The Inside Story from Italian Wine Merchants

This is Your Wine on Metaphors:

Posted on | November 19, 2010 | Written by Janice Cable | 1 Comment

Just about three years ago, I got an email from IWM founder Sergio Esposito. He was looking for a new writer, and after searching the Internet far and wide, he found some of my writing, liked it, and asked me in for an interview. I started freelancing for IWM, and in October, I began writing here fulltime.

I was not a wine writer. I was a writer who liked wine, but what I knew about it you could fit into a shot glass. Which, actually, kind of worked for Sergio because he didn’t want his wine writing to resemble other people’s wine writing. He sent me an example of the kind of writing he liked by showing me a piece of writing, known around the office as “84 Points,” that discussed the kind of wine writing he doesn’t like. Not being versed in standard wine discourse, the piece didn’t mean much to me. What did mean a lot to me was the way that Sergio talked about wine, and the way that he talked about wine is metaphorically.

Sergio has quite the figurative lexicon when he’s talking wine. A wine can be a rocket ship, a jazz singer, a soccer move, a film, or the feeling you get when you’re sitting on the beach watching a sailboat disappear on the horizon. When Sergio talks about a wine he loves, he makes it a person, a place, a thing, an action or an abstract idea. It’s a type of synesthesia, the crossing of sensory input, and it makes a lot of sense to me, for I suffer from the same figurative affliction.

For example, in this week’s e-letter, he talks about the wines of Tua Rita being the embodiment of the Italian matriarch—strong, nourishing, uplifting, and a force of nature. When I write for IWM, I, of course, take my cue from him. For example, in describing our Cellar Management Selection offer for Querciabella, I called one vintage Marcello Mastroianni and the other Claudia Cardinale—the former had this suave masculinity that seemed so black-and-white Fellini; the latter a curvy femininity of the same era. It just seemed right.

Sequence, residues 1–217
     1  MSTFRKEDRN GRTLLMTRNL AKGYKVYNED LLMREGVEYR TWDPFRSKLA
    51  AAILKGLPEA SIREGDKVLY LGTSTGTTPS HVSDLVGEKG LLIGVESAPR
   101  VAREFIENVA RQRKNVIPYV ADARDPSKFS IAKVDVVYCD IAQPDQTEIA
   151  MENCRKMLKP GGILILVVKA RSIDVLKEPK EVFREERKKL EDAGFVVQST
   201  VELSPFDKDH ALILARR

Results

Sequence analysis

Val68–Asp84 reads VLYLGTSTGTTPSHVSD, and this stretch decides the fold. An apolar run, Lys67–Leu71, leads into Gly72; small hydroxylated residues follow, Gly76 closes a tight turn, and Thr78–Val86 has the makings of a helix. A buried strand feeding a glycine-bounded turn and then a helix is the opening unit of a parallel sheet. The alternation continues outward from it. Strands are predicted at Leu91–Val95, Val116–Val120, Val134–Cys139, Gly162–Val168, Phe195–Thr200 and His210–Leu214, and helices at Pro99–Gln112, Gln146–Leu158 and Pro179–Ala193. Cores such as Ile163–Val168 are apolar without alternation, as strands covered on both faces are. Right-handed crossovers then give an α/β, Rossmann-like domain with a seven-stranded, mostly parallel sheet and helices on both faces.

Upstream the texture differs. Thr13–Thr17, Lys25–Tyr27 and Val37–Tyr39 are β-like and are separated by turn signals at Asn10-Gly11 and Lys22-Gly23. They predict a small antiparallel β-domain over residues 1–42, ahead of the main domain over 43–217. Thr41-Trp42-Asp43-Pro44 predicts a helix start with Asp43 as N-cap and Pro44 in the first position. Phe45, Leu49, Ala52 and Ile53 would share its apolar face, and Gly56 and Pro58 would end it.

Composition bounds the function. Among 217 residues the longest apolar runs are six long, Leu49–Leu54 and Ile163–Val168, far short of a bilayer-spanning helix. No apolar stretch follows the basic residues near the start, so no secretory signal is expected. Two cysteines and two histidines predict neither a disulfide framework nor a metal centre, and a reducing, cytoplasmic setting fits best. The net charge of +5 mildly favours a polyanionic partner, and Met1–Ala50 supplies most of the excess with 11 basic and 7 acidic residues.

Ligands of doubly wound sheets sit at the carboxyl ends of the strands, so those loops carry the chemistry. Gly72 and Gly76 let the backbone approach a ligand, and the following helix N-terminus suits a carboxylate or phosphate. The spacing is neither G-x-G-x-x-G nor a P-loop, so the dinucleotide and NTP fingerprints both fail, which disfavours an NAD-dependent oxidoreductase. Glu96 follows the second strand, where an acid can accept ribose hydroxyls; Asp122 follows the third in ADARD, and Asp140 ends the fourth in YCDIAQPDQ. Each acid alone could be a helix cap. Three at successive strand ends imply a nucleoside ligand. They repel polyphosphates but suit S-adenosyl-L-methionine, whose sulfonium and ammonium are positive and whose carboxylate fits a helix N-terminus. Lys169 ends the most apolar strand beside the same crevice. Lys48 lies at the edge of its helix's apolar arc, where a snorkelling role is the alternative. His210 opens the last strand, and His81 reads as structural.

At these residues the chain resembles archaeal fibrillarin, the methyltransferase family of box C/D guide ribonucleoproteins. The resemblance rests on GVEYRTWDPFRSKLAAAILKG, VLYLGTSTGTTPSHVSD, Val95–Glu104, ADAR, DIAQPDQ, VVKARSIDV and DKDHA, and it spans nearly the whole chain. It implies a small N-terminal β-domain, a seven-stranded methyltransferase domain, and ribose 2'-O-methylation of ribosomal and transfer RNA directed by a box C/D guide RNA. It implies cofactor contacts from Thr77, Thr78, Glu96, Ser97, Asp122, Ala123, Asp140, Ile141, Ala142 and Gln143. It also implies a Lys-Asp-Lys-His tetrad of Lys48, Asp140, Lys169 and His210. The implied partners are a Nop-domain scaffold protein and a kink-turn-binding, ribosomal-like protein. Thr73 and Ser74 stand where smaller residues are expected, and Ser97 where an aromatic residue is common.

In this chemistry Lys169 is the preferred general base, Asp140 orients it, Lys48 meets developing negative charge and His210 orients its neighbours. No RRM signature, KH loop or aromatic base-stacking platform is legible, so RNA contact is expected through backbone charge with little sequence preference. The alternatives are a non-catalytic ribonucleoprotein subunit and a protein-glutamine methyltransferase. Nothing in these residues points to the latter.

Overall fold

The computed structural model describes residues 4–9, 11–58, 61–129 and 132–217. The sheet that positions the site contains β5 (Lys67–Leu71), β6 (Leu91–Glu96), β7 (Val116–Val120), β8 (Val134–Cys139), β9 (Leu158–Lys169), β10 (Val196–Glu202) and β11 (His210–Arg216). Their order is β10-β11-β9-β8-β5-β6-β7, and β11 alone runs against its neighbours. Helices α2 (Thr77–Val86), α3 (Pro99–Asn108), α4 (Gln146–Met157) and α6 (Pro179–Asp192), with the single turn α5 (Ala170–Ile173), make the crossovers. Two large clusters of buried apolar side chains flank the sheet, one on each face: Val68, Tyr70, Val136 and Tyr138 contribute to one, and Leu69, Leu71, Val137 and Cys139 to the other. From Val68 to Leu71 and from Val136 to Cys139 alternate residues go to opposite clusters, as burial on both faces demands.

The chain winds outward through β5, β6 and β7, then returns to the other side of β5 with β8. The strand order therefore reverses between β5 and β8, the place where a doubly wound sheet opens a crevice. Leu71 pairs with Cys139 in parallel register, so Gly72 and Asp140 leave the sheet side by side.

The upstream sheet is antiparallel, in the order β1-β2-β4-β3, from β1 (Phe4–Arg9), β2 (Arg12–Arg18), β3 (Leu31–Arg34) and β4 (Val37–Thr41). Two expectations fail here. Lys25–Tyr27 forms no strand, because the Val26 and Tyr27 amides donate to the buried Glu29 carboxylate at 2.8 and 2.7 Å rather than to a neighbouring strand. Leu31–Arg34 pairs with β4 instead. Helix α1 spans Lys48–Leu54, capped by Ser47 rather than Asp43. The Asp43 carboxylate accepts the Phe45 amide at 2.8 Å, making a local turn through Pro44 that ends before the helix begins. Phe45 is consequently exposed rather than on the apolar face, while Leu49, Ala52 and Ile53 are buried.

There’s a lot of good to be had in describing wine in the typical lexicon of analogy. To say that a wine tastes of lychee, pear, cut grass and a fleck of nutmeg provides us with sensory concepts that we can hang our hat on. However, to say that a wine seems like a farmer dressed in a business suit, as one of my colleagues said of the Camartina, gives us more information, complementing information, information that speaks equally to the imagination and to the magic of wine.

This past week, Robert Sapolsky, a biologist, neurologist and neurosurgeon, wrote a NY Times piece, “This is Your Brain on Metaphors,” that perhaps explains why. Sapolsky says this of metaphor:

Symbols, metaphors, analogies, parables, synecdoche, figures of speech: we understand them. We understand that a captain wants more than just hands when he orders all of them on deck. We understand that Kafka’s “Metamorphosis” isn’t really about a cockroach. If we are of a certain theological ilk, we see bread and wine intertwined with body and blood…

We get metaphors, he argues, because they feel real. Pointing to a number of studies that show how the brain confuses the metaphoric with the literal—we feel real disgust when we talk about someone being a rat; we feel actual heat when we think of a person as warm; and more importantly, we perceive a person’s personality as warmer, more serious, or more flighty after we get sensory input that suggest heat, weight or light—Sapolsky suggests that this confusion is hard-wired. We human beings have visceral responses to figurative sense clues.

Which as a writer, and especially a wine writer, I find interesting.  And as IWM’s resident Wine Fabulist (my self-appointed title, a moniker that feels even more appropriate in the wake of Sapolsky’s article), I also find this synaptic conversion heartening. Wine is so much more than a bunch of descriptors (inky, unctuous, savory, full-bodied or bright) or a flock of nouns (blackberry, leather, tar, roses, or BBQ). It’s an experience. It’s hard to make human experience intelligible in the written word, but that’s something I do every day.

What we do, and what I think sets us apart, is follow Sergio’s lead. Sure, we give the descriptors and the nouns because they’re helpful. But we also endeavor to evoke the feeling that the wine gives you, be it eating strawberries in a field on a summer afternoon with the love or your life, being hugged by an Italian grandmother, or listening to Ella Fitzgerald.

Sapolsky quotes Nelson Mandela at the end of his article to suggest the power of metaphor: “Don’t talk to their minds; talk to their hearts,” Mandela said in trying to effect political change. It’s also the principle we have here, the way that we think about wine, and the way that we talk about it. Wine isn’t a head thing; it’s a heart thing. And that’s just the way we like it.

(Here’s where we found the very cool rocket photo.)


One Response to “This is Your Wine on Metaphors:”

  1. IWM - Wine writing through metaphors | Les Vimpressionnistes
    November 20th, 2010 @ 6:01 am

    […] is a very vimpressionnistic post about metaphorical wine writing, from the Italian Wine Merchants blog. “Sure, we give the descriptors and the nouns because they’re helpful. But we also endeavor […]

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